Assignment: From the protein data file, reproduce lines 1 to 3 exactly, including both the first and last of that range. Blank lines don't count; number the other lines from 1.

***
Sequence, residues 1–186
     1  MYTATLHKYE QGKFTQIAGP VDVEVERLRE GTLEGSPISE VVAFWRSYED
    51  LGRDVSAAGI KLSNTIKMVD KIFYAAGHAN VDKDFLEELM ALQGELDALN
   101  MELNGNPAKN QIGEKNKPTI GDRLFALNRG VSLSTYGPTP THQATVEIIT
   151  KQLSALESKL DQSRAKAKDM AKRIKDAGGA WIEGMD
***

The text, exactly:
Sequence, residues 1–186
     1  MYTATLHKYE QGKFTQIAGP VDVEVERLRE GTLEGSPISE VVAFWRSYED
    51  LGRDVSAAGI KLSNTIKMVD KIFYAAGHAN VDKDFLEELM ALQGELDALN